• A) What is the Horizontal component of the
skiers weight?
• B) What is the Vertical component of the skiers
weight?
• C) What is the Normal force acting on the skier?
• D) What is the Frictional force acting on the
skier?
• E) What is the Net Force acting on the skier?
• F) What is the acceleration of the skier?
• G) How fast is the skier traveling after 5.0s,
starting from

26
7.2 Projectile Motion in Two Dimensions
27
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28
Fountain at Explora! Science Museum,
Albuquerque, NM
29
What is Projectile Motion?
• Any object moving horizontally, with only the
force of gravity acting on it, will exhibit
projectile motion. (not moving straight up or
down)
• An object displaying projectile motion will
follow a trajectory, or a curved,
parabolic-shaped path.

30
Projectile Motion
At a given location on the earth and in the
absence of air resistance, all objects fall with
the same uniform acceleration. Thus, two objects
of different masses, dropped from the same
height, will hit the ground at the same time.
An objects horizontal and vertical motion are
independent. Object projected horizontally will
reach the ground in the same time as an object
dropped vertically. No matter how large the
horizontal velocity is, the downward pull of
gravity is always the same.
31
Why does a projectile follow a parabolic path?
What happens to the horizontal displacement
during each successive time period? What happens
to the vertical displacement during each
successive time period?
32
Horizontal motion.
33
Vertical parabolic path
34
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35
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36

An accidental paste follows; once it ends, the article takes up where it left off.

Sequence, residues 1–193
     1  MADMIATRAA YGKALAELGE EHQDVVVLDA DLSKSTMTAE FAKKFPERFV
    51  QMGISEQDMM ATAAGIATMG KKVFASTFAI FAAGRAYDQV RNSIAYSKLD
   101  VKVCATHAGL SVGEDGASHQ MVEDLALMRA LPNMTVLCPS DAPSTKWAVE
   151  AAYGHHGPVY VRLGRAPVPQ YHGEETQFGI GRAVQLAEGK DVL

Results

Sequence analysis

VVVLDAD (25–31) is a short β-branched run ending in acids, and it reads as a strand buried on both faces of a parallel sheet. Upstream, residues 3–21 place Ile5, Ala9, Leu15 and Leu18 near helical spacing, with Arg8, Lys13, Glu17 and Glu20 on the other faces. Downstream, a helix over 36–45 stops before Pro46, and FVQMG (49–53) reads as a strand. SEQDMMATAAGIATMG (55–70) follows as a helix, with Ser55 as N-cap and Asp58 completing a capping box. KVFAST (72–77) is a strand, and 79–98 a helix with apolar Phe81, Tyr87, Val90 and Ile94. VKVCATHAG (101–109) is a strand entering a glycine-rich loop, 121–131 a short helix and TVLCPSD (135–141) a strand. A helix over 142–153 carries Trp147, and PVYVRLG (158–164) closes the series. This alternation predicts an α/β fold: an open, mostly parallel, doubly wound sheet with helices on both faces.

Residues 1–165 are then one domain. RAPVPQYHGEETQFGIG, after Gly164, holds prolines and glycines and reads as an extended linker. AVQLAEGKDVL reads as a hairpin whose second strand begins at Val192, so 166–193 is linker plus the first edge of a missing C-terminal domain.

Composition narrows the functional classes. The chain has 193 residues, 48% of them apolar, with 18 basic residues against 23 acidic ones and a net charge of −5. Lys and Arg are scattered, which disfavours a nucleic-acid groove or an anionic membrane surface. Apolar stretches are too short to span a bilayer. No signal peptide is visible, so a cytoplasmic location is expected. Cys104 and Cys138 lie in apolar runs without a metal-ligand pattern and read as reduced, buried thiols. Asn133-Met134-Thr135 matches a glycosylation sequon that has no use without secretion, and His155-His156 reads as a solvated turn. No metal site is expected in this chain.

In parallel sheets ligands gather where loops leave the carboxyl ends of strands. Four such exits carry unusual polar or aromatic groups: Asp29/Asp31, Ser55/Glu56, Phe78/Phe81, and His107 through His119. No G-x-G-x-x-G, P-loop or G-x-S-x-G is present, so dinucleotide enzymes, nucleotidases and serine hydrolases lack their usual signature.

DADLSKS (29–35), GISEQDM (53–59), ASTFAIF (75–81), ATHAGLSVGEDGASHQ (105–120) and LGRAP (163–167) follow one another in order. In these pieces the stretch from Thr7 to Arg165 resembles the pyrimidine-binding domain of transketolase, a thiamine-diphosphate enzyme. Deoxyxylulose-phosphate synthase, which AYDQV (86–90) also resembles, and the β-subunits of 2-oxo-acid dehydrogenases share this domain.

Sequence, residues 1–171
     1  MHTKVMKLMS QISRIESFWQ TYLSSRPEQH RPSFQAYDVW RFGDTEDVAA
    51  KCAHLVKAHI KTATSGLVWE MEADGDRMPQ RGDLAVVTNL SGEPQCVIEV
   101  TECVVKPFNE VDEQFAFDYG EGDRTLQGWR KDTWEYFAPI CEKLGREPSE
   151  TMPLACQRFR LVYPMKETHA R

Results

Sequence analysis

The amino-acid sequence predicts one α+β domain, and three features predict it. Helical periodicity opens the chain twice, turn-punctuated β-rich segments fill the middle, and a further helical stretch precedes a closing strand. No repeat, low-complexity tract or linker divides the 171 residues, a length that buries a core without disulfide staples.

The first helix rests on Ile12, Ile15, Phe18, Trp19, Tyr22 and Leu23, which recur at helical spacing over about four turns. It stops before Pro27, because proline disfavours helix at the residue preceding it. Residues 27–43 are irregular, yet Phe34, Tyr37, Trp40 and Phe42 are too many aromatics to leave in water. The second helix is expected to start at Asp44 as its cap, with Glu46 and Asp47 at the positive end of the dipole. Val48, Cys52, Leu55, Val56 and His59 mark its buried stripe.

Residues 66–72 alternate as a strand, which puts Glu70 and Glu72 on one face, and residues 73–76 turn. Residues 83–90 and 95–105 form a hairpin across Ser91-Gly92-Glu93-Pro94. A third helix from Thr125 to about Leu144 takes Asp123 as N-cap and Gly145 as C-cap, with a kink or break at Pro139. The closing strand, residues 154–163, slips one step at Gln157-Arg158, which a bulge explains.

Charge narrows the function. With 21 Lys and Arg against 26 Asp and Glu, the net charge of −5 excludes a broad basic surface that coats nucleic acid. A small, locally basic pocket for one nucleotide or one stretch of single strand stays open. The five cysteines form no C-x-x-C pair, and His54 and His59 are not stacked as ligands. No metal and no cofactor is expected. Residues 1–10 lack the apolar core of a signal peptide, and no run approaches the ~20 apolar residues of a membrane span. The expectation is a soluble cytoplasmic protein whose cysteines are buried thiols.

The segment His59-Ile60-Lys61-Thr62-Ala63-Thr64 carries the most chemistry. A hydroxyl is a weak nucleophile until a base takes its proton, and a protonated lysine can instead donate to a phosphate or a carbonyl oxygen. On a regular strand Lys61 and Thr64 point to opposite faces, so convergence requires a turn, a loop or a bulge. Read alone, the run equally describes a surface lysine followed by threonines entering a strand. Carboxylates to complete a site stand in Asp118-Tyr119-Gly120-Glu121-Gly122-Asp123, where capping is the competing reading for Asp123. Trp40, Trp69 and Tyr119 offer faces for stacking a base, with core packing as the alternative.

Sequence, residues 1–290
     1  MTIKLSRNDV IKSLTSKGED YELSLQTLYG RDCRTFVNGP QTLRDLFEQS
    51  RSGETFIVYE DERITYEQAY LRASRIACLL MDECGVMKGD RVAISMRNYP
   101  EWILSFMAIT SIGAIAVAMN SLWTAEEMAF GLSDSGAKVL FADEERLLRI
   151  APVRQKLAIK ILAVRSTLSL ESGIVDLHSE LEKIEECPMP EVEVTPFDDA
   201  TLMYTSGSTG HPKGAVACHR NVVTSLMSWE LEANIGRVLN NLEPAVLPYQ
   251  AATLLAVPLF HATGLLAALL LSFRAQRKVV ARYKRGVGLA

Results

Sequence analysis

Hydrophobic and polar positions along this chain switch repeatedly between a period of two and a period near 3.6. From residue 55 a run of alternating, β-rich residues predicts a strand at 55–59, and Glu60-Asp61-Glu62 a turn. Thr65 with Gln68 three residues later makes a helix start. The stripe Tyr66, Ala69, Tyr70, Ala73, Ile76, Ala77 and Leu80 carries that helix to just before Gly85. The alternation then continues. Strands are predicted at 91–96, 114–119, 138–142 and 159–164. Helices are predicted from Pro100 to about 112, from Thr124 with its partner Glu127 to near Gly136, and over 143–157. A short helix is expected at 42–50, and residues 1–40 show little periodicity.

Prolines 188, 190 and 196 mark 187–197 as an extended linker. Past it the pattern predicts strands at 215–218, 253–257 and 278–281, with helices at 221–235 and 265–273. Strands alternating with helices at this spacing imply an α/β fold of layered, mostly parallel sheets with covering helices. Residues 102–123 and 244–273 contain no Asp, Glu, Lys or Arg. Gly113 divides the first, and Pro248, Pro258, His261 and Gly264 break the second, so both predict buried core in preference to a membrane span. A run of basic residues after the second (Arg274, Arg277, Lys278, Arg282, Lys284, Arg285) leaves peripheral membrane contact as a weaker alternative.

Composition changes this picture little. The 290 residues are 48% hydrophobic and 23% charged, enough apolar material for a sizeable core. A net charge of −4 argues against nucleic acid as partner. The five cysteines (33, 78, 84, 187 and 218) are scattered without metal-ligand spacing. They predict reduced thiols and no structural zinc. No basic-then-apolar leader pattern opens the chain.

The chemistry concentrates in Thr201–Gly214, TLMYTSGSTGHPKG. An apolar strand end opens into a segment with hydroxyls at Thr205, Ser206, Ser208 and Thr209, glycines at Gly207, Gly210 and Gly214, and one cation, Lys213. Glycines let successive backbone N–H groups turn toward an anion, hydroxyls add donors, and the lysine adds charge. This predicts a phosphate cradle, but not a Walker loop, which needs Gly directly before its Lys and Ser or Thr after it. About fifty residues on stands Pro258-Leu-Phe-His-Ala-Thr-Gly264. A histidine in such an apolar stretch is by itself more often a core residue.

Horizontal Vs. Vertical Velocities
• We can see from the diagrams that the horizontal
velocity of a projectile remains constant (with
no air resistance)
• We can also see that that vertical velocity is
constantly changing, at a rate of 9.8 m/s2.

37
Horizontal Vs. Vertical Velocities
• The horizontal and vertical velocities are also
independent of each other, that is, they have no
effect on each other.
• The only thing the horizontal and vertical
motions have in common is that each motion takes
exactly the same time to occur.

38
Equations of Projectile Motion
39
Working Projectile motion problems
• Separate the problem into two problemsvertical
motion and horizontal motion
• Vertical motion is exactly that of an object
dropped or thrown straight up or down. Use
free-fall equations (or accelerated motion
equations)
• Horizontal motion is constant velocity (Newtons
1st Law), work this part using constant velocity
equations.
• Both Vertical and horizontal motion are tied
together by TIME. (TvTh)

40
Sample Problem.
• A rock is thrown horizontally off a tall cliff at
20.m/s. If the cliff is 70.m high
• A) How far horizontally from the bottom of the
cliff does the rock land?
• B) What is the magnitude of the rocks total
velocity at the instant before landing?

Another example in book on page 157
41
Monkey Hunter
• A young native hunter in the Amazon is hunting
monkeys with a bow and arrow. The hunter see a
monkey sitting on a branch, and since the bow
does not have a sight, the hunter pulls back the
bow and points the arrow directly at the monkey.
As the hunter releases the arrow the monkey
notices the movement and drops off the branch.
What happens next?

42
Throw at monkey with no gravity
43
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44
Throw above monkey with gravity
45
Throw at monkey fast with gravity
46
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47
Horizontal RangeWhat is the horizontal range of
the projectile?
Firstfind time using vertical motion..
Then, use that time to find range!
?Vy at
• dx vxt
• dx (v0 cos T)t

t ?vy a
Notice nice equation to use to find vertical time
in air!!!
- V0Sin25.0 -V0Sin25.0 -9.8m/s2
dx (v0Cos T) (V0 Sin T/4.9)
2.58s
dx (30.0 m/s Cos 25.0)(30.0 m/s Sin 25.0)/4.9
dx 70.4 m
48
Alternate Range equationsame thing.
Range (dx) V02 Sin 2 T g
49
Max height hang time depends only on initial
vertical velocity
Each initial velocity vector below has the a
different magnitude (speed) and the projectiles
will have different ranges (green the greatest),
but each object will spend the same time in the
air and reach the same max height. This is
because each vector has the same vertical
component.
50
Max Range at 45?
Over level ground at a constant launch speed,
what angle maximizes the range, R ? First
consider some extremes When ? 0, R 0,
since as soon as the object is launched its back
on the ground. When ? 90?, the object goes
straight up and lands right on the launch site.
The best angle is 45?, smack dab between the
extremes.
All launch speeds are the same only the angle
varies.
76?
45?
38?